In a stately 19th century mansion in the middle of this former textile mill town, a local political scion has formed a mortgage foreclosure resistance movement.
O. Max Gardner III, 65, pioneered techniques in preventing big banks from foreclosing on loans and has taught his methods to 559 other lawyers in the last four years.
He teaches a sort of legal jiu jitsu: how to exploit opponents' large size and disorganization for the benefit of consumers who do not want to give up their homes.
Once lawyers exit his training program, they stay on his expanding e-mail list, and are allowed access to an online document repository to share information. They work together to come up with new ways to slow down foreclosures and share strategies on other bankruptcy issues, communicating at a rate of 350 messages a day.
In the fragmented world of consumer bankruptcy law, where lawyers that represent consumers often work at small firms, Gardner, from his one-person law firm, is creating a sort of virtual law firm with hundreds of partners.
"My clients are desperate. They have insurmountable financial problems, and I'm able to give them a remedy and an answer and an assurance it's going to be all right. That's pretty rewarding stuff," said Gardner, sitting at the desk in the tiny first floor office in his 9,000 square foot home.
To his admirers, Gardner is a sort of a folk hero.
"He's Atticus Finch," said April Charney, an attorney with Jacksonville Legal Aid in Florida, referring to the lawyer in the novel "To Kill a Mockingbird" who is seen as a model for lawyers protecting the disadvantaged.
Charney attended one of Gardner's boot camps in 2007, and she has known him since 2004.
Gardner has been thrust in the limelight recently thanks to what his techniques have uncovered: banks have been taking shortcuts in their efforts to foreclose on homes quickly.
Banks and their lawyers have been cranking out paperwork faster than anyone could properly review it, and they are often making mistakes.
"He's been on top of this from the beginning. He's on the bleeding edge," said David Treywick, a Mount Pleasant, South Carolina-bankruptcy attorney who views Gardner as a leader in the field.
Lawyers representing borrowers have started demanding that banks show all their paperwork to move forward with foreclosures.
To Gardner's critics, that's exactly what's wrong with the North Carolina lawyer: he is keeping insolvent borrowers in their homes for longer than they ought to be living there.
Counsel opposing Gardner often view him as an agitator who gums up the bankruptcy process, said Joseph Greer III, a corporate bankruptcy lawyer in North Carolina who often works with creditors.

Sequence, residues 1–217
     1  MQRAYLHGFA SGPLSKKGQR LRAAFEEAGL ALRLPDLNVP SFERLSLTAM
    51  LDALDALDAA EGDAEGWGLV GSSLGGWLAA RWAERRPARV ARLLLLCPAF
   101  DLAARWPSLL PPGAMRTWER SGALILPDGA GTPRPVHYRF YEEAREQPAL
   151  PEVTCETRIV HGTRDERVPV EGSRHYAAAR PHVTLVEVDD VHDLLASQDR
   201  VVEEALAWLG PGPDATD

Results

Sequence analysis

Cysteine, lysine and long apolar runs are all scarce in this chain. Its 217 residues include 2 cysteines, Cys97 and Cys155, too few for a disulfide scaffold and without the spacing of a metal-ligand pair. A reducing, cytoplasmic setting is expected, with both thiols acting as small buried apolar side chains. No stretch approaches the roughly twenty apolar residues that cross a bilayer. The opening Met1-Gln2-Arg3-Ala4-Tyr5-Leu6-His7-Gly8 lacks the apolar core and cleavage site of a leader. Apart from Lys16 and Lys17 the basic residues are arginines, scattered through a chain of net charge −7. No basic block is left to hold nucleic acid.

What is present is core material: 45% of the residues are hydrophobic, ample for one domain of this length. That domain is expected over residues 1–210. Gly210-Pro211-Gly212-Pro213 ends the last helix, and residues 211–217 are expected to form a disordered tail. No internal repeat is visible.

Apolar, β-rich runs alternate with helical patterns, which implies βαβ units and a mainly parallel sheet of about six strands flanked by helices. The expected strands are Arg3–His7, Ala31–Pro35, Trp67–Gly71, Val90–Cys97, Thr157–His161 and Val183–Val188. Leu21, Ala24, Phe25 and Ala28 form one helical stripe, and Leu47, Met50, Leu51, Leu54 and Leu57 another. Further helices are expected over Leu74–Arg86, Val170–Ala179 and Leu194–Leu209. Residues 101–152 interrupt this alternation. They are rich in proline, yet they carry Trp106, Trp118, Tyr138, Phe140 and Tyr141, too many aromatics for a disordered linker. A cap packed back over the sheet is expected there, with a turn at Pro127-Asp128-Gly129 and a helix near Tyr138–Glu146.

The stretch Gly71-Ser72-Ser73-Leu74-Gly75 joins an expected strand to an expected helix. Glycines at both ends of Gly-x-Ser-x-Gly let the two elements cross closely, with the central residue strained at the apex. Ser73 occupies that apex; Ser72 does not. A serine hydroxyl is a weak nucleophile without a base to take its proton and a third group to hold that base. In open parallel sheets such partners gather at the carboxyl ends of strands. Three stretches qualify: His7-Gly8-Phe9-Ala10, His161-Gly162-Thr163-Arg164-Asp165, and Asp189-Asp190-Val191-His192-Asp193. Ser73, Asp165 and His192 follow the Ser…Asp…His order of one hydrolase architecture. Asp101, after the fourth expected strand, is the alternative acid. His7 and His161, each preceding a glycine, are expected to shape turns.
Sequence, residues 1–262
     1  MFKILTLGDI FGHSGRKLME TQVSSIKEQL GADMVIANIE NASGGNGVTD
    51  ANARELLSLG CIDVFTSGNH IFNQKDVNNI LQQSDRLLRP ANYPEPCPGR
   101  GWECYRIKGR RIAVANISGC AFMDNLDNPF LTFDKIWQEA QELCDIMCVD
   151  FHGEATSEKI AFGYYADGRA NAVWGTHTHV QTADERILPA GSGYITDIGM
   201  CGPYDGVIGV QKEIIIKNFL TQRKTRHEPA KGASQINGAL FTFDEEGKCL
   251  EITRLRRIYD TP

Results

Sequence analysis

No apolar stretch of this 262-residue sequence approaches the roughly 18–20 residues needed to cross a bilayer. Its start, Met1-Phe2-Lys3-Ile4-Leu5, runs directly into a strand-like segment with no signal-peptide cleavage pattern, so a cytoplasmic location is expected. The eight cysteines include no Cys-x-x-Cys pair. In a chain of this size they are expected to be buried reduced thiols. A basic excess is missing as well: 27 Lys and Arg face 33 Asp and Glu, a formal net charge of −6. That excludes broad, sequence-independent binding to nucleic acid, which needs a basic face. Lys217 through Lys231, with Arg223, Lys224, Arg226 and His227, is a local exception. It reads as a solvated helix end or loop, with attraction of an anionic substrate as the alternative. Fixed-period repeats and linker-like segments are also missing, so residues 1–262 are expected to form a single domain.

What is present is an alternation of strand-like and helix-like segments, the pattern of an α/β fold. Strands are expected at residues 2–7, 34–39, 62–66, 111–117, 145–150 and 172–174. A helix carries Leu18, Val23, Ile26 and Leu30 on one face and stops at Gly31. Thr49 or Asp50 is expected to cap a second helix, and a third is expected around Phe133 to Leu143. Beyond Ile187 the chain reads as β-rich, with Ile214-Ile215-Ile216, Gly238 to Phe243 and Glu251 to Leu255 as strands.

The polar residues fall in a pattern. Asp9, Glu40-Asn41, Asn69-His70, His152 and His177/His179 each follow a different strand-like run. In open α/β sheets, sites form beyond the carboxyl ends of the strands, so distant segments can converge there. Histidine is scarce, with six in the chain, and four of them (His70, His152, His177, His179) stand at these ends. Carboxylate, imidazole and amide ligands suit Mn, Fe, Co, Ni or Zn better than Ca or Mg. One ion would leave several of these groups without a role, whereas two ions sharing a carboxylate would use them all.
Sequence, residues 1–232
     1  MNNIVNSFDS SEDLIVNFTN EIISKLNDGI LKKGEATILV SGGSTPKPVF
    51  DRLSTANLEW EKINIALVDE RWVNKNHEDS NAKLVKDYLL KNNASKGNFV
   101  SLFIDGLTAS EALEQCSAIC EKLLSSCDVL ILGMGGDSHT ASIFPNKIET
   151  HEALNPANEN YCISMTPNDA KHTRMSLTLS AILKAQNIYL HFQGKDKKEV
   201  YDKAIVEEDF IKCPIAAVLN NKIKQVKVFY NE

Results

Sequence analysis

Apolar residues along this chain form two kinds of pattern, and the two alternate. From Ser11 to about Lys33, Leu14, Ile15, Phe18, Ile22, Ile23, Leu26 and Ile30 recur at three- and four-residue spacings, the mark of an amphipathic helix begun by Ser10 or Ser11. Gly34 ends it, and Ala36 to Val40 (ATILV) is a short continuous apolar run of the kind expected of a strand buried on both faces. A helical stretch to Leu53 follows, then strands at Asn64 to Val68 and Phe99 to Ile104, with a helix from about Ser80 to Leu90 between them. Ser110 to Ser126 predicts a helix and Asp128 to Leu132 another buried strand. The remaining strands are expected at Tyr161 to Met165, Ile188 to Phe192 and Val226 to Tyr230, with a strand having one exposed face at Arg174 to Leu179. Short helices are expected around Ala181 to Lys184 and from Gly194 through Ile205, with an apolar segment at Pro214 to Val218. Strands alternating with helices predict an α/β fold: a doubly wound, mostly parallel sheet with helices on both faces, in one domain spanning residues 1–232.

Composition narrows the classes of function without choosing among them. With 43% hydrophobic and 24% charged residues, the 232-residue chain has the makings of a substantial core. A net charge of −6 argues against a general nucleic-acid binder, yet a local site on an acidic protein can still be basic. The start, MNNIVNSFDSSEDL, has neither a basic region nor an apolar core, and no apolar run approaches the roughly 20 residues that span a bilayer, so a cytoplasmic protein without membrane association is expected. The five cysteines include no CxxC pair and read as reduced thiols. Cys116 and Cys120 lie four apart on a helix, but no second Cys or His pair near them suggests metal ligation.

"Max has never been afraid to go his own way, and isn't one that needs to fit into a crowd," Greer said.
At Gardner's boot camps, as many as a dozen attorneys spend 5 days at his farm in Casar, North Carolina, nestled in the state's South mountains. Lawyers spend $7,775 to delve into Gardner's strategies for defending clients through a bankruptcy.
There, surrounded by his dogs, lawyers study consumer bankruptcy strategies for 10 hours a day. Sessions last from 8 a.m. to 6 p.m, and often longer, attendees said.
"It was nonstop," said Charney. "Even at meals everyone was talking shop."
Gardner's wife cooks elaborate meals for the guests, including five course dinners and French toast marinated overnight for breakfast. The couple supplies all the food and drink for boot campers, in a nod to their decade operating Gardner's family mansion, called Webbley, as a bed-and-breakfast.
The boot camp sessions range from the basics of running the business of a consumer bankruptcy law practice, to presenting evidence at a hearing, to identifying improper foreclosure fees.
Unlikely folk hero
The Gardner family tree has deep roots in North Carolina.
Gardner's grandfather was governor of the state from 1929-1933, an undersecretary of the Treasury, and later an ambassador to Great Britain. He was also a textile mill owner and a lawyer.
In a side hall at the Webbley mansion hang photos from the family's brushes with the country's political elite. It includes Gardner's framed ticket from John F. Kennedy's first birthday party as president. His uncle Ralph Webb Gardner organized the party, as a fundraiser to pay off Kennedy's election campaign debt.
Next to the ticket is a framed letter from President Franklin Delano Roosevelt, thanking his grandfather for a pair of pajamas made of nylon -- part of his family's textile mill pitch to use the then-new synthetic material for parachutes after Chinese silk production was seized by the Japanese.
Gardner said both his father's and grandfather's work were a major influence in his life.
Before becoming governor, O. Max Gardner owned the first textile mill to pay blacks the same rate as whites in the Jim Crow-era South.
Gardner's father, O. Max Gardner Jr., died in 1961 at age 39 due to complications from progressive multiple sclerosis, when Gardner was a sophomore in high school.
Gardner said his father pushed for increased access for those with disabilities and drove him to school in a golf cart he had licensed for street use.
"He had very strong views that you had to make a difference at the ground level, and things were either right or they were wrong. There was no in between," he said.